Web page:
Purchasing is down, but hospitals ‘shopping’ now for upturn
Although some hospitals, health systems and imaging centers are full-speed ahead with their implementation of planned IT projects, others are temporarily halting IT and other investments to weather the current economic storm. However, this doesn’t mean that these facilities are shutting down their acquisition assessment and planning. In fact, it’s just the opposite. Healthcare decision-makers are using this purchasing hiatus to apply a value-based perspective to their technology purchases in both the near and long term.
The last year has proven one thing: hospitals are not recession-proof. Nine in 10 hospitals are making cutbacks attributed to the economy, such as reducing capital IT spending, cutting administrative expenses, reducing staff and scaling back planned projects, according to the American Hospital Association (AHA).
While the weakened economy has slowed the breakneck pace of IT spending, the commitment to health IT remains—more than half of the respondents to 20th annual Healthcare Information and Management Systems Society (HIMSS) survey reported that their IT budgets would increase, just slightly lower than the 78 percent who said their budgets would increase last year.
Convinced of the importance of health IT in staying competitive, many health IT decision-makers are taking this downtime to think strategically about what systems and technologies their facilities will acquire and implement when capital spending opens up again.
“There is heavy emphasis on justifying, from a clinical/business perspective, whatever purchases are taking place,” says Anthony J. Montagnolo, chief operating officer at ECRI Institute. “We are seeing an increased number of people asking for help in evaluating the underlying justification for purchasing new technology.”
A notable trend shows that the number of capital equipment quotation requests that ECRI is being asked by hospital clients to review has been down in recent months. However, the number of longer-term technology planning-related projects they’re being asked to support is clearly on the rise. What systems and platforms are being considered? EMRs, hybrid ORs, RFID, ultra-high-field-strength MRI ?systems and premium-slice CT top the list.
No matter what they are considering, performing a technology assessment can make or break procurement plans. It means reviewing actual needs in clinical areas, reviewing how a technology matches core strengths and looking at technologies that will actually be used, “instead of collecting dust in a ?closet,” says Jim Keller, ECRI vice president for health technology evaluation and safety.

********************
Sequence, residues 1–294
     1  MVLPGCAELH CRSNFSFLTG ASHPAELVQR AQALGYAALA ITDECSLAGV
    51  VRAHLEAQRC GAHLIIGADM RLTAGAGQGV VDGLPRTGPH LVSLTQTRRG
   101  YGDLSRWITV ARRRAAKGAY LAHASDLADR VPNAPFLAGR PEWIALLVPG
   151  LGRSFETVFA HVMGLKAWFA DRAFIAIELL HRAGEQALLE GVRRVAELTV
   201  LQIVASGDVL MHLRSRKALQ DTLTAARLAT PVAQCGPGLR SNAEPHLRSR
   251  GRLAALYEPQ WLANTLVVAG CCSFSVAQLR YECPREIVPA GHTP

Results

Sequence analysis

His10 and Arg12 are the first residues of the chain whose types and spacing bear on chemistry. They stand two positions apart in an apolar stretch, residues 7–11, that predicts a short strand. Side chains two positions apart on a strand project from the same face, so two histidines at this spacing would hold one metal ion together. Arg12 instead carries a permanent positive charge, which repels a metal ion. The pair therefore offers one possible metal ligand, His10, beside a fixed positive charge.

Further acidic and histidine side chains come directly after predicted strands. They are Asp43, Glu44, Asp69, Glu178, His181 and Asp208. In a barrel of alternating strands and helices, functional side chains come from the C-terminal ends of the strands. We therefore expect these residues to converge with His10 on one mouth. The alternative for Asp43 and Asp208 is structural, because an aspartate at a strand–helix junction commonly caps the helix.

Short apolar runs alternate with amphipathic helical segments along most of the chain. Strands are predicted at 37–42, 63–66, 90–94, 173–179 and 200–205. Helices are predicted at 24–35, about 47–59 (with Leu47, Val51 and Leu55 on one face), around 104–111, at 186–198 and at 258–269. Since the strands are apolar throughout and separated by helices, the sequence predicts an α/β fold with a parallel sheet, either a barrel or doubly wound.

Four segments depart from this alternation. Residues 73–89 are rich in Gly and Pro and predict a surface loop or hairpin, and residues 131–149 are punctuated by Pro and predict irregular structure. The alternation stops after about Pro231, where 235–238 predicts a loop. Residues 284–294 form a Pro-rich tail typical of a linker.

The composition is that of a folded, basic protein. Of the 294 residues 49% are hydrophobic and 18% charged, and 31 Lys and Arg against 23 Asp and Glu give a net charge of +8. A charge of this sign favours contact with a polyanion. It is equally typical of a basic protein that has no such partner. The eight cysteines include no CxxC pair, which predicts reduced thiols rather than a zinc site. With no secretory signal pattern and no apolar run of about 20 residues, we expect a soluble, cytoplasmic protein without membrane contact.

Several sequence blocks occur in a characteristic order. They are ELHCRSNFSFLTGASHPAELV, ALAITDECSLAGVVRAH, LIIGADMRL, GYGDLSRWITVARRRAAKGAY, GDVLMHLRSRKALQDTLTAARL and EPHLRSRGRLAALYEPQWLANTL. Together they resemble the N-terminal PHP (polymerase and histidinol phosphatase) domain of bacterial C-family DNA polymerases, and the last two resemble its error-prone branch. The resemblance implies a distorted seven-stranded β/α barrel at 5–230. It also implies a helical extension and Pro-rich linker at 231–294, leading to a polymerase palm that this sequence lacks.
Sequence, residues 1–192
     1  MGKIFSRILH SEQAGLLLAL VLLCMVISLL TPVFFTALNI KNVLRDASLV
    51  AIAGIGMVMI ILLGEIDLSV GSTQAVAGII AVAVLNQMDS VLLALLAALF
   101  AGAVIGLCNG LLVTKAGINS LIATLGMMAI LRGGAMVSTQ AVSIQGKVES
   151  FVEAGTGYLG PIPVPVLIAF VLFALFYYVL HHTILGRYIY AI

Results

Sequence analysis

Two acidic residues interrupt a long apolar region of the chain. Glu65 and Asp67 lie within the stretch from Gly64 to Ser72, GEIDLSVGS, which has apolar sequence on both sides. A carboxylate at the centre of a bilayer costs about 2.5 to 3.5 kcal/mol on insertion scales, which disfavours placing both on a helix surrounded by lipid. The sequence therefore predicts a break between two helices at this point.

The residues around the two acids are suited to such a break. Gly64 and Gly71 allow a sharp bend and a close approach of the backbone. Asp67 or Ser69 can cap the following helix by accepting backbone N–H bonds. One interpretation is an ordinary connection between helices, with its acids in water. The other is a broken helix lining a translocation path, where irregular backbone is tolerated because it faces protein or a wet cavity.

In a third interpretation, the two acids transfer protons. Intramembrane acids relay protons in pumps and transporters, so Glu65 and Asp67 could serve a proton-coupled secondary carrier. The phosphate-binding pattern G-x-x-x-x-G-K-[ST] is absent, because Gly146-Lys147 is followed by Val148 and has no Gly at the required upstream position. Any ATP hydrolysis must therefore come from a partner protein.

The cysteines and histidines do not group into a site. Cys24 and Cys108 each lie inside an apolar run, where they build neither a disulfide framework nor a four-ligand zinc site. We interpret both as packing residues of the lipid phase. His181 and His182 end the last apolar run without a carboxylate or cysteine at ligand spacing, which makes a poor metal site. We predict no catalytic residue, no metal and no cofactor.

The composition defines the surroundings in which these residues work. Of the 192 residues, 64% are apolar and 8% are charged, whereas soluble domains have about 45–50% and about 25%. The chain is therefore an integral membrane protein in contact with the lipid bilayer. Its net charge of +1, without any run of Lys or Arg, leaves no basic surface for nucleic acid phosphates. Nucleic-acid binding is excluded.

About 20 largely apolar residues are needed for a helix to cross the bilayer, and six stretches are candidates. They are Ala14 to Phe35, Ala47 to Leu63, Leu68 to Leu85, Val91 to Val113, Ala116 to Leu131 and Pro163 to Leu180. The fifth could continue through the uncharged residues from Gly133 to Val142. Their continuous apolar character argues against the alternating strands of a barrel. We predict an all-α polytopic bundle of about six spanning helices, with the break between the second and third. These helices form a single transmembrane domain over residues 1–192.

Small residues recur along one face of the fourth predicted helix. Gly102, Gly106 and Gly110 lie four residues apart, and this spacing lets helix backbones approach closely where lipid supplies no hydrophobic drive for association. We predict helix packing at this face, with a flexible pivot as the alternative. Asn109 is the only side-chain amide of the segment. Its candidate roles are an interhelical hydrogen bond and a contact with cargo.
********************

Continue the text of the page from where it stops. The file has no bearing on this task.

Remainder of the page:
He notes that vendors can utilize their advertising and marketing skills to educate customers or potential customers on features and capabilities of their technologies and systems, but hospitals are responsible for making sure that the commentary is vetted with independent information. For sure, hospital decision-makers must keep their eyes and ears open to the next best technology to deploy, and how it will integrate with current and future IT and device purchases.
Additionally, hospital executives need to become more educated on the implications of adopting newer, converging technologies such as computer-based medical devices and their associated business risks, Keller says. For example, a recent news story about how the Conficker worm infected hundreds of medical devices globally. In one instance, an imaging device—which was connected to the internet due to a technology flaw—was actually following commands from the worm. “This is an example of a security risk that hospitals will have to deal with more often as the use of computer-based medical technologies expands,” he adds.
There’s some cross-training going on, too. CIOs are learning more about the clinical implications of integrating a variety of technologies, while chief medical officers, chief medical informatics officers and physicians are thinking like CIOs, learning more about how their systems interact with other devices and technologies to ensure the clinical workflow fits with a new technology.
“Since the purchasing frenzy might be on hold for now, it is a good time to look at technology procurement from the enterprise perspective, as opposed to a business silo perspective,” says Montagnolo. “Organizations should consider developing a written technology plan that looks out over at least the next two to three years in